InOrder Resource-Request Model

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Resources consists of any CPU object that an instruction wants to access. This could be a branch predictor, a cache, a execution unit, etc. In the InOrder CPU model we abstract what a resource is into a generic "Resource" class that all specific resources must derive from. In any given pipeline stage, an instruction will request that a resource perform a specific operation on it's behalf. If an instruction can complete all it's resource requests for a given stage, then it may pass to the next stage.

Relevant source files:

  • resource.[hh,cc]
  • resources/*.[hh,cc]
  • pipeline_traits.[hh,cc]
  • cpu.[hh,cc]

Resource-Request Model

Ideally, resources can used by instructions as a black box that will perform specific operation.The basic steps between an instruction and resource are as follows:

  • An instruction accesses a resource by generating a resource-request that contains:
  1. The ID of the resource to be accessed
  2. A command for the resource to perform

  • After generating a resource-request, an instruction sends the request to the Resource Pool which will forward the request to the appropriate resource.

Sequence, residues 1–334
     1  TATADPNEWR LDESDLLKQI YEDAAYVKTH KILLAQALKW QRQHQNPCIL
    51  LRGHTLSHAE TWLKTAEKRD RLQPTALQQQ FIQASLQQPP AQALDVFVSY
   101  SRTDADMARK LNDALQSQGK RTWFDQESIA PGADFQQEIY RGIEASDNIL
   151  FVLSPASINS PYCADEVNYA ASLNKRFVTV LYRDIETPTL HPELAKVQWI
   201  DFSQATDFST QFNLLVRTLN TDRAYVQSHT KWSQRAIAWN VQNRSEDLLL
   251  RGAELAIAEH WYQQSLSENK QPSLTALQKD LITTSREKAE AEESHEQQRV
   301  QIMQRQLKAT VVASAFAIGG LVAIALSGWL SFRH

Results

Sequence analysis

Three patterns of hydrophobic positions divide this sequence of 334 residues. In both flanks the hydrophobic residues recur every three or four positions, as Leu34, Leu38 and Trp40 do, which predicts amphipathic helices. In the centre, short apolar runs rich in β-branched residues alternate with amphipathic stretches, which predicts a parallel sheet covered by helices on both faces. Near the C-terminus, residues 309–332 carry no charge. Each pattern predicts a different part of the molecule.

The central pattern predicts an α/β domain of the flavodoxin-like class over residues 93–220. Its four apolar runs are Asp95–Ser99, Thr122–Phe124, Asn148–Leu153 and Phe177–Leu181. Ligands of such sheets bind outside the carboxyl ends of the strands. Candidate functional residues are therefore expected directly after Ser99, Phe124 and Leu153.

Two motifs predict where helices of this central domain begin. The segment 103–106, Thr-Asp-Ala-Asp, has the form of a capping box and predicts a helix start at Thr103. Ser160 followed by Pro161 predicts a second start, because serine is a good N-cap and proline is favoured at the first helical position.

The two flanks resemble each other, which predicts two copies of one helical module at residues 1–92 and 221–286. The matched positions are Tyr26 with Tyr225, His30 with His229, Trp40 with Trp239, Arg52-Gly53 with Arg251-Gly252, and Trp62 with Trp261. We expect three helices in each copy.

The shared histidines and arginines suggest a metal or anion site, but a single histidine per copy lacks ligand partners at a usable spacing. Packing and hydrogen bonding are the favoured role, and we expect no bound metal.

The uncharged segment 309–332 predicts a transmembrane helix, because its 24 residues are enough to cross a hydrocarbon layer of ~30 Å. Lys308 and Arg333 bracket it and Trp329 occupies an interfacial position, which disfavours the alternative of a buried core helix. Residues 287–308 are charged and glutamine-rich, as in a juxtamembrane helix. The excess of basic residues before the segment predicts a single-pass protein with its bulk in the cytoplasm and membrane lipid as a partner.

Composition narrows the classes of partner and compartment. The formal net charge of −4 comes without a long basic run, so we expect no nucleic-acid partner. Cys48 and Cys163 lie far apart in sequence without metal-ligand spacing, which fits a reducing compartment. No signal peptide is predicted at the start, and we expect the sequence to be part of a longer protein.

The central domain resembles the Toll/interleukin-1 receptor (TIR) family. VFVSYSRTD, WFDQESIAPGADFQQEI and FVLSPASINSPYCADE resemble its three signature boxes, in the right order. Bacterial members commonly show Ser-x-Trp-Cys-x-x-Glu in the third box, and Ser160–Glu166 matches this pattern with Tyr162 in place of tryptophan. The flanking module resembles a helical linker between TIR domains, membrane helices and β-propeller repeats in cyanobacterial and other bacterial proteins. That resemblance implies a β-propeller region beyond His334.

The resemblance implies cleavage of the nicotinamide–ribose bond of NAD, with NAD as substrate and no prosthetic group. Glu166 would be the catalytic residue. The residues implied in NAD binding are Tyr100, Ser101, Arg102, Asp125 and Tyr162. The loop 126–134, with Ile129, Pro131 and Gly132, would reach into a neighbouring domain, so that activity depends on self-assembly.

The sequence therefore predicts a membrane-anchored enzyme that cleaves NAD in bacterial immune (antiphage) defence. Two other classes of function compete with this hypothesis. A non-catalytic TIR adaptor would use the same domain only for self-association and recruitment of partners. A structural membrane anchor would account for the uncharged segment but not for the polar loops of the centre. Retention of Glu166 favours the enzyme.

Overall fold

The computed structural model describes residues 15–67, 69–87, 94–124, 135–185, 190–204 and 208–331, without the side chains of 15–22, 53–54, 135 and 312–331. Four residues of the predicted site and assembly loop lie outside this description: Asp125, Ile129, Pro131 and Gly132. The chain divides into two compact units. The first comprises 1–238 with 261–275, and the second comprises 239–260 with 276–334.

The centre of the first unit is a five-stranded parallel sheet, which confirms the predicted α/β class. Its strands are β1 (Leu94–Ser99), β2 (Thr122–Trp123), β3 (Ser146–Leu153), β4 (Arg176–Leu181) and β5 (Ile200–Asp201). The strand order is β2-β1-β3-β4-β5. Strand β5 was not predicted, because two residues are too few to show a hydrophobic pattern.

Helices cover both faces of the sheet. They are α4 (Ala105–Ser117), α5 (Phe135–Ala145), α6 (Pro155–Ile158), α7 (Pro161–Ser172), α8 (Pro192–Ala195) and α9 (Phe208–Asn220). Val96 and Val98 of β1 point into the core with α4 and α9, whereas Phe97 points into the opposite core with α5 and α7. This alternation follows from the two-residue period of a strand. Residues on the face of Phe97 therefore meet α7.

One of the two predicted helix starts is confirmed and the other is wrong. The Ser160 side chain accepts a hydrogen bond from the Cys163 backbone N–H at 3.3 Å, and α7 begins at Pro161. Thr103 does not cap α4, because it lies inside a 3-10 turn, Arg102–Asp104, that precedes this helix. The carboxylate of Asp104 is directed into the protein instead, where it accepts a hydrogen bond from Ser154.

• Once a resource receives a request, it will:
  1. Check to see if there is room (i.e. bandwidth) to process that resource request. If there is room, a slot is allocated to that instruction
  2. Attempt to process the command that the instruction requests of it.
    1. If that command is successful, the resource mark the request as completed and return it back to the instruction.
    2. If that command is unsuccessful, the resource will mark the request as not completed before returning it back to the instruction.

Resource Internals


Each Resource contains a enumerated list of commands that it recognizes. The execute() function expects an instruction to request a resource to perform one of the commands on this list for processing.

An example from resources/branch_predictor.hh:

   enum Command {


Slots represent the bandwidth of the resource (or how many concurrent instructions can access the resource). Each time an instruction makes a request to a resource, the resource allocates a slot to that instruction to represent the resources' bandwidth being used.


Once an instruction is allocated a slot, it is eligible to be executed within that resource. The execute function read the command from the resource-request and then tries to perform the appropriate operation. If the operation isnt completed successfully, execute() will mark the completed variable "false" and if the the operation is successful, the completed variable for that resource-request will marked as true.

An example from resources/

BranchPredictor::execute(int slot_num)
    ResourceRequest* bpred_req = reqMap[slot_num];


    switch (bpred_req->cmd)
      case PredictBranch:



      case UpdatePredictor:


        fatal("Unrecognized command to %s", resName);

Resource Pool